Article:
The George Institute For Global Health
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Changing Health Practice

The George Institute is committed to producing high-quality, high-impact research evidence to inform policy, guidelines and practices across the world. Many of the programs conducted by The Institute have had an impact on chronic disease and injury treatment and prevention globally.

There are an estimated 100,000 cases of sepsis in Australia each year, and of those, at least 13,000 will result in death. Half of those who survive severe sepsis will be left with long-term physical, psychological or cognitive disability.

Our ENCHANTED research study investigated the safety of a controversial clot busting drug used to treat the most common form of stroke. The results of the trial involving more than 3000 patients worldwide showed a modified dosage of intravenous rtPA (or alteplase) can reduce serious bleeding in the brain and improve survival rates.

Ellen Medical Devices is developing the world’s first affordable dialysis to stop millions of people dying unnecessarily because they cannot access treatment for kidney failure.

In June 2019, we received Global Alliance for Chronic Disease funding (through the Australian National Health and Medical Research Council) to work with governments to scale up our diabetes and hypertension projects in Indonesia, China and the Pacific region, which have the potential to save hundreds of thousands of lives.  

SMARThealth is a mobile device-based clinical decision support system developed by The George Institute for Global Health that allows community health workers to assess cardiovascular (CVD) risk using basic equipment and refer those at high risk to nurses or physicians for further consultation.

The number of new cancer cases is expected to rise by up by 70 per cent in South East Asia by 2030. Our ACTION study was the first of its kind to look at the human cost of cancer to help governments improve access to cancer care and reduce the burden of costs associated with the illness.

A number of cross-sectional surveys into vascular risk assessment and management in Australian primary care settings were undertaken by staff at the Institute, which has resulted in changes made to the 2009 Absolute Risk Assessment Guidelines.

Results of the landmark intensive care research study, SAFE TBI, showed that the choice of resuscitation fluids affects the chance of patients with brain injury surviving.

A review by a major blood pressure collaboration conducted in 2005 helped inform the UK National Health Service, US Food and Drug Administration, European Society of Hypertension for new blood pressure treatment recommendations made by the National Collaborating Centre for Chronic Conditions and Royal College of Physicians guidelines for the management of type 2 diabetes. The US FDA also moved to change blood pressure drug pricing policy following this research, and the findings continue to be widely cited by the European Society of Hypertension guidelines.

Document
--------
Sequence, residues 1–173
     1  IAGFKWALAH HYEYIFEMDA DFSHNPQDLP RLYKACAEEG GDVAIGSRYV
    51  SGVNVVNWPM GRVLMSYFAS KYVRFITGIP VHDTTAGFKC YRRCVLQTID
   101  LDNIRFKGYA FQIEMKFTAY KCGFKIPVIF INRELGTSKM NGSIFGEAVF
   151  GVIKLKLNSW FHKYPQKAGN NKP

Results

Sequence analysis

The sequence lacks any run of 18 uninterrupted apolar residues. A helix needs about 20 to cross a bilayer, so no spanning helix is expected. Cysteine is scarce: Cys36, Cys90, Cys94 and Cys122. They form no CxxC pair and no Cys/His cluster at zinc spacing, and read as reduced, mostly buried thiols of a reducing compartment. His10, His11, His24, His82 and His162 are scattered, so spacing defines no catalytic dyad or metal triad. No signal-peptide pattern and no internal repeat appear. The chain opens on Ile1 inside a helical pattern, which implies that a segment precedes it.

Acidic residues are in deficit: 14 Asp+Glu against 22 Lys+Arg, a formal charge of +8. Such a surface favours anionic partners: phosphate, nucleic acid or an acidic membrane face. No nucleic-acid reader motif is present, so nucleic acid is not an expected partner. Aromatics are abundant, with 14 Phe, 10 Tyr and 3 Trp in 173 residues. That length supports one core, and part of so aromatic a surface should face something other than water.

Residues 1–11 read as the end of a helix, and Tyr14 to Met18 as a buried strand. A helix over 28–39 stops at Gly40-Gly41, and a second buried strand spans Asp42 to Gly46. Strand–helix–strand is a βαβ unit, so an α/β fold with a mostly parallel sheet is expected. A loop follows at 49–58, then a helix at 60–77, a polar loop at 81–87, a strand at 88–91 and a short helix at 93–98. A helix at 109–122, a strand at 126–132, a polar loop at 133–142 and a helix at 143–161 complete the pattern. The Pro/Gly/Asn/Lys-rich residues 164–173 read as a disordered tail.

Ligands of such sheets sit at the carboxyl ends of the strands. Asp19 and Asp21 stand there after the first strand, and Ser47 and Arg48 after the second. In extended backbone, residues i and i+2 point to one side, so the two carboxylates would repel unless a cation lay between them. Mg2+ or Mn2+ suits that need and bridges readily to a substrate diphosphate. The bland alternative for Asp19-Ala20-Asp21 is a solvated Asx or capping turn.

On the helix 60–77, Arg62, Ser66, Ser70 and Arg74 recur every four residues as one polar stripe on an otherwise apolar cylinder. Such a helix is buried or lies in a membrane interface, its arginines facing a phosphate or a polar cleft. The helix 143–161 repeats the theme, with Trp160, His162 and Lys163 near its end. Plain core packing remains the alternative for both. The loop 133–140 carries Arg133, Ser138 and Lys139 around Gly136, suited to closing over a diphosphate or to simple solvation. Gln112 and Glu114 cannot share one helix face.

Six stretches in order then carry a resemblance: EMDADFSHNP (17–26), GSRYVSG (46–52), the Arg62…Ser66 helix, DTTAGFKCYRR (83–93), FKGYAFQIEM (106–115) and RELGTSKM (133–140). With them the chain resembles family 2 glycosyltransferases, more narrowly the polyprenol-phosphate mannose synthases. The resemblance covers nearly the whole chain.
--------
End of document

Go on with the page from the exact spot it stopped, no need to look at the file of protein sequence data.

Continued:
Results of a systematic review of acute low back pain by the Musculoskeletal Division were incorporated into the National Institute of Clinical Studies guidelines - 'Lumbar imaging in acute non-specific low back pain'. Further studies by these and collaborating researchers have also resulted in whiplash guidelines endorsed by the National Health and Medical Council and Chartered Society of Physiotherapy.

Results, published in The New England Journal of Medicine of the large intensive care study NICE-SUGAR showed intensively lowering blood glucose levels in critically ill patients increases the risk of death by 10%. These results call for an urgent review of international guidelines for blood pressure lowering, and will form the basis of recommendations for the review of clinical guidelines and management strategies in 2010 for several specialist groups, including the International Brain Trauma Foundation.

In Australia, the Institute is working with the Baker IDI Heart and Diabetes Institute on the National Health and Medical Research Council guidelines for type 2 diabetes. Drawing from the extensive work in of the largest study of type 2 diabetes treatments, the ADVANCE study, this will include a review of the latest evidence to inform guidelines on lipid and blood pressure management, macrovascular and foot disease. The new guidelines were released in 2010.

After establishing the frequency and predictors of depression following stroke, researchers at the Institute have contributed to three Cochrane reviews on the management of depression and emotionalism following stroke. Demonstrating the lack of effective strategies for the treatment and prevention of this condition, this evidence has informed several stroke management guidelines including in Australia, New Zealand, the United Kingdom and Unites States of America.

Extensive research by the Musculoskeletal Division has seen many changes in clinical guidelines for the management of chronic back pain, including those by the American Society of Interventional Pain Physicians, the Institute of Health Economics Alberta, Canada, the 2009 UK National Institute for Health and Clinical Excellence, the Finnish Low Back Pain Guideline, the Canadian clinical practice guideline, American Pain Society/American College of Physicians and the European Union Guidelines.